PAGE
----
Written by Ángel Manuel Rodríguez
Brief history of inspiration and revelation in the Adventist Church, with particular emphasis on a proper understanding of “thought inspiration.”
The topic of revelation and the inspiration of the Bible has become a central theological issue among Adventist theologians and many interested church members. The significance of the topic cannot be exaggerated since it places on the table for analysis that from which we derive our message and life style. Consequently, the way we understand revelation and inspiration, that is to say the very nature of the Bible, will have a direct effect on our faith and practice, and on the role of the interpreter.
Studies made on the history of revelation/inspiration in the Adventist church have indicated that our pioneers simply took for granted the traditional Protestant view of verbal inspiration and that the topic began to be seriously addressed only after 1882.1 Subsequent discussions of the subject indicate that the church was feeling uncomfortable with verbal inspiration and that other options were being explored, such as the theory of degrees of inspiration proposed by George I. Butler. This theory was soon rejected. An indication of the direction the church would be heading is found in a General Conference statement made in conjunction with the revision of the book Testimonies to the Church, by E. G. White, in which it was stated: “We believe the light given by God to His servants is by the enlightenment of the mind, thus imparting the thought, and not (except in rare cases) the very words in which the ideas should be expressed.”2 This view came to be known as “thought inspiration.”
In spite of that statement, most Adventists continued to adhere to verbal inspiration and in some cases to mechanical inspiration. The topic of revelation/inspiration became particularly sensitive during the revision of the book Great Controversy. Since E. G. White was considered to be a prophetess, and since the prevailing view was that of verbal inspiration, it was unimaginable to many that her writings would undergo revisions. They should be free from errors. However, she made it clear that she never believed in verbal inspiration, and in the introduction to the Great Controversy she established what she believed was the proper understanding of revelation/inspiration. She simply indicated that revelation operates on the whole person infusing the human mind with divine thoughts.
However, the socio-theological context of the Adventist church in North America directly contributed to the promotion of verbal inspiration. In their struggles against modernism Evangelicals promoted verbal inspiration, and many Adventists who faced the same challenges continued to support verbal inspiration. The 1919 Bible Conference held in Washington DC, July 1-21, 1919, indicated that Adventists were divided on the topic, some still maintaining verbal inspiration and others denying it. During the first half of the 20th century the prevailing theory was that of verbal inspiration. But by the 1950s thought inspiration was beginning to become the main position of the church. The first edition of the Seventh-day Adventist Encyclopedia (1966) stated that “we do not believe in verbal inspiration, according to the usual meaning of the term, but in what may be properly called thought inspiration.”3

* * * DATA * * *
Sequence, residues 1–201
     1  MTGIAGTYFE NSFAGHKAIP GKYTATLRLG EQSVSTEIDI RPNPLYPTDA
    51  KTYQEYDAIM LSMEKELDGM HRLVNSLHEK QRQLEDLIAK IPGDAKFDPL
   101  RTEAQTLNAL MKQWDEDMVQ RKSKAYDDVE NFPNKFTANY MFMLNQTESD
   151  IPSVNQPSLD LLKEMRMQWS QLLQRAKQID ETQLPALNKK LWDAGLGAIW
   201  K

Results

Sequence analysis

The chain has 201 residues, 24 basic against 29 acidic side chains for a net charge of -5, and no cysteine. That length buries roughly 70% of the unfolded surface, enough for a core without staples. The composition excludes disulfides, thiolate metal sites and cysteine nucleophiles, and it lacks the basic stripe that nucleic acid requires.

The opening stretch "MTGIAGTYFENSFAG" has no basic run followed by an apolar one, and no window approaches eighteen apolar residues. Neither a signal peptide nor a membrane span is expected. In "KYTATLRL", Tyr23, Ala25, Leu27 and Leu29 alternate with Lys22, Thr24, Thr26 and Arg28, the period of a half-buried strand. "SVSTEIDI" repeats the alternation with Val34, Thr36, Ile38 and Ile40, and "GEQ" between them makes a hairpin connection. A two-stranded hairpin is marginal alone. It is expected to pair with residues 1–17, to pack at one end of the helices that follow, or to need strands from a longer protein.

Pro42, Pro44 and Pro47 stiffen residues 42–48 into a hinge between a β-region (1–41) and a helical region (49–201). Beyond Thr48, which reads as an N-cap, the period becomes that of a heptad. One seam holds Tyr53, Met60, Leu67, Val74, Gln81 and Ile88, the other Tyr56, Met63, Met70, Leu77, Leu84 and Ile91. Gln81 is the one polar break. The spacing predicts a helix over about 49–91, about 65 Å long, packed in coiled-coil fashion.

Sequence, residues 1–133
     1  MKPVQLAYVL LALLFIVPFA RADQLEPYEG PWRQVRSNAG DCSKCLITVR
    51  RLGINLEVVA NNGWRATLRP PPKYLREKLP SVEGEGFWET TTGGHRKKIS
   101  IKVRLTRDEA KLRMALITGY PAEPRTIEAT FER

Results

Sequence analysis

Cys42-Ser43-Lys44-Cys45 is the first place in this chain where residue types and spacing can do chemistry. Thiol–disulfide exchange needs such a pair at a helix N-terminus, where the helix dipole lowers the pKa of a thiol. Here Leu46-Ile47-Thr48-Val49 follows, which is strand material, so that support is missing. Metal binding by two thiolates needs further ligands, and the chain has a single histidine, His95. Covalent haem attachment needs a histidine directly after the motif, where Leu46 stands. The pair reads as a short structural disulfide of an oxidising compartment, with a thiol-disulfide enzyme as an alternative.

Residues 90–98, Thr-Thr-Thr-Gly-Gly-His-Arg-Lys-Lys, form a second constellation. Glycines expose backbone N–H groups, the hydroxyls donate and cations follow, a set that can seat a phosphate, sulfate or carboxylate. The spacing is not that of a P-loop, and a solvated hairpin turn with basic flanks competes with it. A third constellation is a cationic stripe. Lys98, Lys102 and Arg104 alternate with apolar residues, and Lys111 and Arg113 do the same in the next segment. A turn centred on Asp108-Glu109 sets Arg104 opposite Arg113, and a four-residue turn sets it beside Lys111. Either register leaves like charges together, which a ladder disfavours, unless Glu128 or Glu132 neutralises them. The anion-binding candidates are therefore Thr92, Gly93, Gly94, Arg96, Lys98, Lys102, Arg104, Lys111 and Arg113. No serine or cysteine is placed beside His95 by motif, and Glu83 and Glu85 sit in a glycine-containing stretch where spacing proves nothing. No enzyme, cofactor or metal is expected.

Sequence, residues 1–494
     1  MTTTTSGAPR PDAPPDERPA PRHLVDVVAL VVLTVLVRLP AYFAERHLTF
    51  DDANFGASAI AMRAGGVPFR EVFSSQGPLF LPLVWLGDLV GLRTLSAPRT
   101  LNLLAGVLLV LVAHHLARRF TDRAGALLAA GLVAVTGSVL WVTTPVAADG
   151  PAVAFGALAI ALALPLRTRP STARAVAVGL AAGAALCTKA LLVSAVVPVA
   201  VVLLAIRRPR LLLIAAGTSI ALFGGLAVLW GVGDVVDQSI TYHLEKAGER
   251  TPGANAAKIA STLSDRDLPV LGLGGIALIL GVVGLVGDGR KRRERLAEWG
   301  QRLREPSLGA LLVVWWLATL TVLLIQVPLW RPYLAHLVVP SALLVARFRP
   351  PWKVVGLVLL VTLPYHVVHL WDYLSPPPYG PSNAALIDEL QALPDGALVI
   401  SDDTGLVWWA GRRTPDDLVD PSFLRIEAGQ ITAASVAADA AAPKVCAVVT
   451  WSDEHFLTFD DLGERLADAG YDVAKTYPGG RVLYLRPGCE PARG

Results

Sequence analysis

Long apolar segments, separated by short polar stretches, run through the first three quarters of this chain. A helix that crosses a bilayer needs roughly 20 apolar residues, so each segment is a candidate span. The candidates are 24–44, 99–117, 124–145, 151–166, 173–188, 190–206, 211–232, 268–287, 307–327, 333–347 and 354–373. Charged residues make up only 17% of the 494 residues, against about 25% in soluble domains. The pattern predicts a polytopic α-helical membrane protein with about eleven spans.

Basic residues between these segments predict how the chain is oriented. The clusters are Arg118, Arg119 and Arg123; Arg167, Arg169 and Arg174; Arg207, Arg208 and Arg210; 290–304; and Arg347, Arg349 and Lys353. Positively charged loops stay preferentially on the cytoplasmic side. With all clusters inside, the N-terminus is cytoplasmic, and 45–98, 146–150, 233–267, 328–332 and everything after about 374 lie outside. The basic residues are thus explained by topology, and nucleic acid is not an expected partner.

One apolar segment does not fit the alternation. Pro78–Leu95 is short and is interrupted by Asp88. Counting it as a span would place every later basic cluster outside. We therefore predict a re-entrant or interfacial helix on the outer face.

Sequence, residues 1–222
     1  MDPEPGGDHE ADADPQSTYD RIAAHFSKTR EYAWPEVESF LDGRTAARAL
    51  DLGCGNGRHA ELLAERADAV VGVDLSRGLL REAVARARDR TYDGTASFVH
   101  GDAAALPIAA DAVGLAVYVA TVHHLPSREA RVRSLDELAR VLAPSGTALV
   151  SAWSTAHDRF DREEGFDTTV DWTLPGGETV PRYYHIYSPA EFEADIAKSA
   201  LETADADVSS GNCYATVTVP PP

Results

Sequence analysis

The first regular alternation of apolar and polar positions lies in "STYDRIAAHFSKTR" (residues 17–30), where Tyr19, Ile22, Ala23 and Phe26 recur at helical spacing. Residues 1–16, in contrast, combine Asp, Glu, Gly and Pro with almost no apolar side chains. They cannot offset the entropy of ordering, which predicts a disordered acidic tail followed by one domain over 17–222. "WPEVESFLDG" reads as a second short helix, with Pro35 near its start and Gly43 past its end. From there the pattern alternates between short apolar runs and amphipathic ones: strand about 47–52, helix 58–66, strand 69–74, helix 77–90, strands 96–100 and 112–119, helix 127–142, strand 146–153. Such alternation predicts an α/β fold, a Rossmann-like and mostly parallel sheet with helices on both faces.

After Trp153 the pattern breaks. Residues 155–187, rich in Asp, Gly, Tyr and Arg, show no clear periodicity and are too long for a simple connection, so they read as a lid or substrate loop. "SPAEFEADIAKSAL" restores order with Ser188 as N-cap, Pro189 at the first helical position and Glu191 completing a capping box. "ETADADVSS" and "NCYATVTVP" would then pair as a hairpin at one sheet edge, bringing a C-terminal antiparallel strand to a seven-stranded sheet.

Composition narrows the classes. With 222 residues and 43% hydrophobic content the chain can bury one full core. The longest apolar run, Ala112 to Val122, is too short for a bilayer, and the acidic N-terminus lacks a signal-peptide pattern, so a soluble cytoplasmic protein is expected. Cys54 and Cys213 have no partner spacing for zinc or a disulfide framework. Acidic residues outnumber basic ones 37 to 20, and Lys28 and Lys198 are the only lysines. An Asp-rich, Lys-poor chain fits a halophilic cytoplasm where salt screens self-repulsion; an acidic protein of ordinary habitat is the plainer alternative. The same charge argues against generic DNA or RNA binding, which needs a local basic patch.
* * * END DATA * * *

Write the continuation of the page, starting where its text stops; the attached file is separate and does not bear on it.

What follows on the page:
At the moment when a consensus was being reached by the church on the topic of revelation/inspiration another challenge appeared on the theological horizon: The Encounter Theory of Revelation. Encounter theory argued that revelation consisted of an existential encounter between the prophet and God in which God did not communicate any information to the human instrument. The content of the Bible is the prophets’ feeble and fallible interpretation of that personal encounter. The Bible is a witness to that encounter but it does not contain any revelation from God to us; it is a book like any other book. The impact of this theory, coming from non-Adventist liberal theologians, was not significant mainly because a number of Adventist theologians were able to disarm it.4
The last quarter of the twentieth century was characterized among Adventists not only by issues related to revelation/inspiration but also by biblical hermeneutics and the inroads of the historical-critical method. Since then much has been written by Adventist theologians on that topic. Concerning hermeneutics, the world church officially rejected the critical methodology because it placed human beings as judges over the Bible. On the topic of revelation-inspiration, Fundamental Belief number one voted at the General Conference Session in 1980 states:
The Holy Scriptures, Old and New Testaments, are the written Word of God, given by divine inspiration through holy men of God who spoke and wrote as they were moved by the Holy Spirit. In this Word, God has committed to man the knowledge necessary for salvation. The Holy Scriptures are the infallible revelation of His will. They are the standard of character, the test of experience, the authoritative revealer of doctrines, and the trustworthy record of God’s acts in history.5
This statement establishes, through the use of biblical language, that the Bible is of divine origin and that God was involved in the process of transmitting and recording the divine revelation. It avoids the phrase “thought inspiration” as well as the idea that the very words of the Bible were dictated by the Spirit to the prophet. In spite of the fact that thought inspiration is not explicitly mentioned in Fundamental Belief number one it has become the predominant view among Adventists. Unfortunately, this view has more recently been misused by placing it at the service of the historical-critical methodology.